You will also need a cable to connect to the battery. If you are using an Energizer 18000 in the MIT RACECAR configuration make a Y cable. One cable comes from the battery ( you can use the “blue” wire from the Energizer kit). You will plug this cable into the 19V jack on the battery. The cable splits in to a Y. One side of the Y goes to the 1.35mm x 3.5mm jack wire from the previous step. The other side of the Y goes to the Jetson. The Jetson plug is 2.5mm ID, 5.5mm OD. I’ve found the right angle version helps remove some cable clutter.
Your wiring may vary, but make sure that the wiring of positive and ground across the 3.5mm jack and plug is consistent when wiring the Hokuyo.
We use two outputs on the Energizer. The 19V powers both the Jetson and the Hokuyo. The 12V output powers the ‘green’ cable, which connects with the USB hub. You may use the green cable in the Energizer kit, and splice it to a 1.7mm ID, 4.75mm OD plug connector. Again, right angle is a good choice here.
Before installing the Hokuyo in the robot, connect it to the battery to make sure that it is getting power.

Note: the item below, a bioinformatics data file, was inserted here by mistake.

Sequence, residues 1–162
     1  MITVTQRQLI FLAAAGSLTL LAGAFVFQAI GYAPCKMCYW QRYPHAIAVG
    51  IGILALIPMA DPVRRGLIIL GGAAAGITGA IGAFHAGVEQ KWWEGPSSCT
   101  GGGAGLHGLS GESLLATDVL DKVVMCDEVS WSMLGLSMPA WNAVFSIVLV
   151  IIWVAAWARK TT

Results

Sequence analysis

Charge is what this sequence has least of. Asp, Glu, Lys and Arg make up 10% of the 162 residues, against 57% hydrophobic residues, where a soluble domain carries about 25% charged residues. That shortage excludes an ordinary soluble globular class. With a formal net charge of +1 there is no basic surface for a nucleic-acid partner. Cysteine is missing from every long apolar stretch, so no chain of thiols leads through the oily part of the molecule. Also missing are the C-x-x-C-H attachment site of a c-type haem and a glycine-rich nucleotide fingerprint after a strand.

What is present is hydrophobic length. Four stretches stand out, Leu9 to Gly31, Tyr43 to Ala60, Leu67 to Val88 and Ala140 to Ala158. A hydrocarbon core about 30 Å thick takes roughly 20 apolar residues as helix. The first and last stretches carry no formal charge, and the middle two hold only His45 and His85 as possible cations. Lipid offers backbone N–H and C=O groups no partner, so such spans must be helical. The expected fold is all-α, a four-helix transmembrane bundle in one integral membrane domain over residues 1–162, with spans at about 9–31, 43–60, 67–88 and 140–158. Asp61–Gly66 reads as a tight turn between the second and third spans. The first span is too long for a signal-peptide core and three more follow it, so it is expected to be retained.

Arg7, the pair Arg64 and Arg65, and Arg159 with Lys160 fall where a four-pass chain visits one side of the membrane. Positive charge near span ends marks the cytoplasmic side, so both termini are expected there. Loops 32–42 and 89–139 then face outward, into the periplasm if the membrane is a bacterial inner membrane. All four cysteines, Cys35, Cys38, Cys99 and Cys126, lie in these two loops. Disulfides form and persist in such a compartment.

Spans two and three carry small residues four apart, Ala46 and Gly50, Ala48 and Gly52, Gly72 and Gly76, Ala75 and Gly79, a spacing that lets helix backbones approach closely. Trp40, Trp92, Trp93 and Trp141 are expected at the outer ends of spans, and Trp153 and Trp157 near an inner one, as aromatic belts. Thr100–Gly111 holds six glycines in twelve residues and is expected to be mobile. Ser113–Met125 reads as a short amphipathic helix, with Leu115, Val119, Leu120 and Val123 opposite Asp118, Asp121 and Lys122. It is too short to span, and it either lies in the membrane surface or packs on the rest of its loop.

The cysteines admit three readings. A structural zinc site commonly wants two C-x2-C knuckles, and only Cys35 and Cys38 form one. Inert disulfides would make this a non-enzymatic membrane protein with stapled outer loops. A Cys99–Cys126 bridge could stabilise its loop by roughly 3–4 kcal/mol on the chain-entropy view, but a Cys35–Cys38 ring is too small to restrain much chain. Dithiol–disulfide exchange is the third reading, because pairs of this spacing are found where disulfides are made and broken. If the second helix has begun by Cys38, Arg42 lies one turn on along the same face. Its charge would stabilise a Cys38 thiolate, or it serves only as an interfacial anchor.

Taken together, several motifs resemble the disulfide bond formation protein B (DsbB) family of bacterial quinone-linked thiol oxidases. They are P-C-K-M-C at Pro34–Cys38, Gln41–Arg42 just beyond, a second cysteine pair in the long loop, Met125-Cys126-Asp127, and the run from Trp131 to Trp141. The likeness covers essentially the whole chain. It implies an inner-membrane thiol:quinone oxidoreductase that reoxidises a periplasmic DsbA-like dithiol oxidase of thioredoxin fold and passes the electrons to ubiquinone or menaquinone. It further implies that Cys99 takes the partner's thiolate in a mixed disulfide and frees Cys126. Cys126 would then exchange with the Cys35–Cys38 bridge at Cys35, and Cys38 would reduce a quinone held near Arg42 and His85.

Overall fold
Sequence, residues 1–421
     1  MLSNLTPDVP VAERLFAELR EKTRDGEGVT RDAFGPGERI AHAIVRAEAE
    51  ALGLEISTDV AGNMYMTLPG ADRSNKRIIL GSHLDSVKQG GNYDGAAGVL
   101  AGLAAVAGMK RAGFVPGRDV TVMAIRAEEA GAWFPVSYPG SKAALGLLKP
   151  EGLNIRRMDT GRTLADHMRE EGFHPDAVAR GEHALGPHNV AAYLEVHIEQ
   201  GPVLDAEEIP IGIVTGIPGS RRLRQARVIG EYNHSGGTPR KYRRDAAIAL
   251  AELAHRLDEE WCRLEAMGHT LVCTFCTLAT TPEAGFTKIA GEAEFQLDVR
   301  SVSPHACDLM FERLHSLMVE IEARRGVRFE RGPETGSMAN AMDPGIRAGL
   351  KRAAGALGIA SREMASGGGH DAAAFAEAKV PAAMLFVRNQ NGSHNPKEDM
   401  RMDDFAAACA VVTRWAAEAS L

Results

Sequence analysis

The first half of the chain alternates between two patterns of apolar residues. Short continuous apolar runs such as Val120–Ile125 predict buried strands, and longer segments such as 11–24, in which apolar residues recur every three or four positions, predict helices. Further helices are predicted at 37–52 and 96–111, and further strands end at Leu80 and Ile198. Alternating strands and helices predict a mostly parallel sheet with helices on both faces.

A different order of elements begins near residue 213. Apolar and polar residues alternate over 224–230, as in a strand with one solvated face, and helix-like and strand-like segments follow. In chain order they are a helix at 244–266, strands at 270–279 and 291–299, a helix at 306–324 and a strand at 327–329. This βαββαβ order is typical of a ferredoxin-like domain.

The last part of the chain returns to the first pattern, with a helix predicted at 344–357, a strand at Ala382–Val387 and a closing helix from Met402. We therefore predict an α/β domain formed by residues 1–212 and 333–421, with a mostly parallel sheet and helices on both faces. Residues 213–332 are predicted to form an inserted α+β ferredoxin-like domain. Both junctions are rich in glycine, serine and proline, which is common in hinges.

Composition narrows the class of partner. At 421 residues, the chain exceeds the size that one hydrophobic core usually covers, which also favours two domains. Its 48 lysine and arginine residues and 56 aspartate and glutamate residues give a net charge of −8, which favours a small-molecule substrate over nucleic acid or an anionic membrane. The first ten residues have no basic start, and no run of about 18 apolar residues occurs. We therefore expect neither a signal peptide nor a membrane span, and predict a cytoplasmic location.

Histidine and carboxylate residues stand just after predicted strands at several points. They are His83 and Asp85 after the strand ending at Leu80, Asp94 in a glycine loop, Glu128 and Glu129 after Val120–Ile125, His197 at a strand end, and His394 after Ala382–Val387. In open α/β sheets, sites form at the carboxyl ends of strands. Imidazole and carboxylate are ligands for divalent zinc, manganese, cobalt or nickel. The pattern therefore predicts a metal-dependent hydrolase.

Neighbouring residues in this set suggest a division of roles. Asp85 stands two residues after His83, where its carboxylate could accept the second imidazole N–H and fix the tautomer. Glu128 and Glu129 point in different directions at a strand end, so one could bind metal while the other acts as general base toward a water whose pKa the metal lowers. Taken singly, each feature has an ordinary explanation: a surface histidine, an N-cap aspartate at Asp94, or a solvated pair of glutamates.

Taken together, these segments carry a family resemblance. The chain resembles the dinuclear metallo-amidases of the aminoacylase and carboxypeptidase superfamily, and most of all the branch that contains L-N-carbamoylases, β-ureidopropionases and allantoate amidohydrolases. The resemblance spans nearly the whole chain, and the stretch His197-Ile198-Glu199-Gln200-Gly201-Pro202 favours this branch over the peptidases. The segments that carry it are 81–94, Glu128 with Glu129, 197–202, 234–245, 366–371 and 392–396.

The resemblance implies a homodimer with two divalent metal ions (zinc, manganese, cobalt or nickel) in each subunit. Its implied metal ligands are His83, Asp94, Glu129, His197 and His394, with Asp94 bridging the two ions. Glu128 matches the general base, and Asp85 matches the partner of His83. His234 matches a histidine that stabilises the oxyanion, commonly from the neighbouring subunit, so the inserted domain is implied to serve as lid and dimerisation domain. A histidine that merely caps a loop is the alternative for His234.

The Hokuyo generates quite a bit of heat during operation. Hokuyo recommends an aluminum plate to help with heat dissipation. The RACECAR/J store carries a LIDAR Aluminum Heat Sink for Hokuyo UST-10LX. If you remember in one of our previous articles RACECAR/J Platfrom Preparation we mount a Delrin plate to mount the lidar. In this application, substitute the aluminum version. Note: Full RACECAR/J kits contain the aluminum plate, there is no need to buy an additional one.
As shown in the video, attach the 1″ aluminum standoffs to the lidar plate using four 7/16″ 4-40 machine screws. Next, use two M3x10mm machine screws to attach the Hokuyo to the lidar plate. Once secured, attach the assembly to the lower platform deck using four 7/16″ 4-40 machine screws.
The cable management is more an art form than science at the moment. Use some zip ties to help route the wiring on the bottom side of the platform appropriately. You can watch the video to get some hints.
Once everything is assembled, ready for testing. Off to the testing article.
The Energizer 18000 battery is currently in stock. However, over the last six months or so it has been difficult to get. Here are some other links and an alternative: